Error in approximation to log(223)/log(3) .... senior moment?

In summary, the conversation discusses a calculation involving logarithms and an error that arises when using different approaches. The error is shown to be smaller when the calculation is done with larger numbers. The speaker admits to possibly making a mistake and not being able to find it.
  • #1
Swamp Thing
Insights Author
900
557
This is probably a silly question, but I am really stuck. A possible senior moment, is my only excuse.

Here is an approximation:
##log(223)/log(3) \approx 10818288 / 2198026 ##

So we have:
##log(223)/log(3) - 10818288 / 2198026 = 0.0399292##
which is OK but not great -- the error shows up right at the second decimal.

But when we do this:
##10818288 \times log(223) - 2198026 \times log(3)## it gives us -0.000984652, which looks way better.

I would expect the error between two large numbers to be larger than when the same thing is recast as a difference between two small numbers. Again, it's probably a silly thing that I'm missing, but I haven't been able to find it.
 
Mathematics news on Phys.org
  • #2
Oops, the 0.0399 is not correct, it is actually around 4E-10. I was printing out 5 or 6 things and picked the wrong value from the output list.
 

1. What is the meaning of "error in approximation" when calculating log(223)/log(3)?

The error in approximation refers to the difference between the exact value and the approximate value of log(223)/log(3). It is a measure of how accurate the approximation is compared to the true value.

2. Why is there a "senior moment" mentioned in the question?

The term "senior moment" is often used colloquially to refer to a lapse in memory or a mistake made by someone who is older. In this context, it is likely referring to the fact that the calculation of log(223)/log(3) may be more challenging for someone who is not as familiar with logarithms or has not used them in a while.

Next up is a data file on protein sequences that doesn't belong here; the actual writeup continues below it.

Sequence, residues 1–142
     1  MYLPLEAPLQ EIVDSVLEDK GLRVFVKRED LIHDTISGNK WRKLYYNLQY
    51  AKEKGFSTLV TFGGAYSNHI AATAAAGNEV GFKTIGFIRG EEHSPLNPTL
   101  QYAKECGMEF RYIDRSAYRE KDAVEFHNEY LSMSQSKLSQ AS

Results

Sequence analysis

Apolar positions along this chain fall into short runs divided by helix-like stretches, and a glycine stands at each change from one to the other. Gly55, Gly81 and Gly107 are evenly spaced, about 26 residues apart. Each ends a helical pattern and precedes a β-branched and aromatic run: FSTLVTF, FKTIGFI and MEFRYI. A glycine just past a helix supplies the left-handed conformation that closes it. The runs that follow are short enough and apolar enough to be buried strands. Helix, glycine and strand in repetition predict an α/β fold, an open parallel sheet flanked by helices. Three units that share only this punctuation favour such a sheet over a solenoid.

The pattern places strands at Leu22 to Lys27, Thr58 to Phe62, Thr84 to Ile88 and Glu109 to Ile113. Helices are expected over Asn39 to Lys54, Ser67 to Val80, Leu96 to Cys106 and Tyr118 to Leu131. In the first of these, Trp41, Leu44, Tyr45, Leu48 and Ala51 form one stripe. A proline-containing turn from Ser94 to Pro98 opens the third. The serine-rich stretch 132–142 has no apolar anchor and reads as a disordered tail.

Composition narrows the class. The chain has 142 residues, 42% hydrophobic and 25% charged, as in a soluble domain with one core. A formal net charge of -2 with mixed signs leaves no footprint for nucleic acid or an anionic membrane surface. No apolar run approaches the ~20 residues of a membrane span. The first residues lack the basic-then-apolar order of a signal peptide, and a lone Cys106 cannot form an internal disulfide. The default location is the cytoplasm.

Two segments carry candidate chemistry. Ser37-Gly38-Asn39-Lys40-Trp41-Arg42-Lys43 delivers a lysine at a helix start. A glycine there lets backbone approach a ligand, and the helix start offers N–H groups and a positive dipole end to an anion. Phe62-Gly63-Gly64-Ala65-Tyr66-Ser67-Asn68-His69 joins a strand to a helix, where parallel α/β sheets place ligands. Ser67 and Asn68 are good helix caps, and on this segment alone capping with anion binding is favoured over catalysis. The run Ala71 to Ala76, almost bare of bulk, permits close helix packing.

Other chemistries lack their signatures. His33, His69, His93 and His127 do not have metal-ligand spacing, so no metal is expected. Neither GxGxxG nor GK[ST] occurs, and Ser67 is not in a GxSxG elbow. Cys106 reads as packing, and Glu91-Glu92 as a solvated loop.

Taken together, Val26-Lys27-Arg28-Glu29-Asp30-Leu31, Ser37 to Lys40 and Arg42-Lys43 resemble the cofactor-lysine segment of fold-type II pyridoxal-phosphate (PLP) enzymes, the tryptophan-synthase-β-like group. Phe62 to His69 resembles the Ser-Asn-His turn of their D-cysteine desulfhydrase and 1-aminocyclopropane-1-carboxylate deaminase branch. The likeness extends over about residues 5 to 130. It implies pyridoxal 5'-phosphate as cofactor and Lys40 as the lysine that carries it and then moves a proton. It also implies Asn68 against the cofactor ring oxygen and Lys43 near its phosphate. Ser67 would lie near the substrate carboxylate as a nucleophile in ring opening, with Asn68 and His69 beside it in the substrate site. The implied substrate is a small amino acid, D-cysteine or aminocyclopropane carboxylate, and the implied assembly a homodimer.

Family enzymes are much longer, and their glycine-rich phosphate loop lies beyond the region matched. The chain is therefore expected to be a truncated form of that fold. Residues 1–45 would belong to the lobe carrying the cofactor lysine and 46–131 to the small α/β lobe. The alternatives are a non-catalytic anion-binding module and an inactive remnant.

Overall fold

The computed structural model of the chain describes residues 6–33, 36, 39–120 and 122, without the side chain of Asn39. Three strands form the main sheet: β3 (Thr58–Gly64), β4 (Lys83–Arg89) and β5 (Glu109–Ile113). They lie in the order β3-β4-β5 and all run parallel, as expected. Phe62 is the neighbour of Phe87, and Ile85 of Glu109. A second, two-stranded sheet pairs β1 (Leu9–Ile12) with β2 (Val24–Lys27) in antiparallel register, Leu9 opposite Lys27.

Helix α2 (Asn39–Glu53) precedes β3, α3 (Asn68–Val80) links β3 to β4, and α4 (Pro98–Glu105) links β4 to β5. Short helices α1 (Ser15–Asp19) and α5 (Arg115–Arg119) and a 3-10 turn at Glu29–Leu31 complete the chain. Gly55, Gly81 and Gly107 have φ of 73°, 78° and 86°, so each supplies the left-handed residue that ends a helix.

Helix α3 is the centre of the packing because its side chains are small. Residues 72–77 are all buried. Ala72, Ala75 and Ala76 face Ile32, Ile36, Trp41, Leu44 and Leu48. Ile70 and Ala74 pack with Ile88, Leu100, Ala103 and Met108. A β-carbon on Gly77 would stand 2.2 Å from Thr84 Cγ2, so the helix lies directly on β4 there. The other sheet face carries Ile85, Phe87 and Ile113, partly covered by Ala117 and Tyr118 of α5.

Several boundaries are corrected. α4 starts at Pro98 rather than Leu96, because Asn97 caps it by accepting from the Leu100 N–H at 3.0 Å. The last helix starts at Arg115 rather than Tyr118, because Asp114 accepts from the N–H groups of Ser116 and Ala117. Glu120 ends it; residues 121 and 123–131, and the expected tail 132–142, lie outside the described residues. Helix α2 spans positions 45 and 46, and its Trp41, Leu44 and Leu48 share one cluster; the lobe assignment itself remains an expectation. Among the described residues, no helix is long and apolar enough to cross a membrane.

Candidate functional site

3. How is the error in approximation calculated for log(223)/log(3)?

The error in approximation can be calculated by finding the difference between the approximate value and the exact value of log(223)/log(3), and then dividing by the exact value. This gives a percentage or decimal representation of the error.

4. Can the error in approximation for log(223)/log(3) be reduced?

Yes, the error in approximation can be reduced by using more accurate methods of calculation or by increasing the number of decimal places used in the approximation. However, it is important to note that even with a small error, the approximation may still be considered accurate for practical purposes.

5. What factors can contribute to a larger error in approximation for log(223)/log(3)?

Factors that can contribute to a larger error in approximation include using a less accurate method of calculation, using a smaller number of decimal places in the approximation, or making a mistake in the calculation process. Additionally, if the exact value of log(223)/log(3) is a repeating decimal, the error may be larger due to rounding.

Similar threads

Replies
1
Views
1K
  • Linear and Abstract Algebra
Replies
1
Views
620
Replies
1
Views
743
  • General Math
Replies
5
Views
1K
  • Calculus and Beyond Homework Help
Replies
1
Views
652
Replies
6
Views
1K
  • Differential Equations
Replies
1
Views
654
Replies
1
Views
2K
Replies
3
Views
1K
Replies
8
Views
2K
Back
Top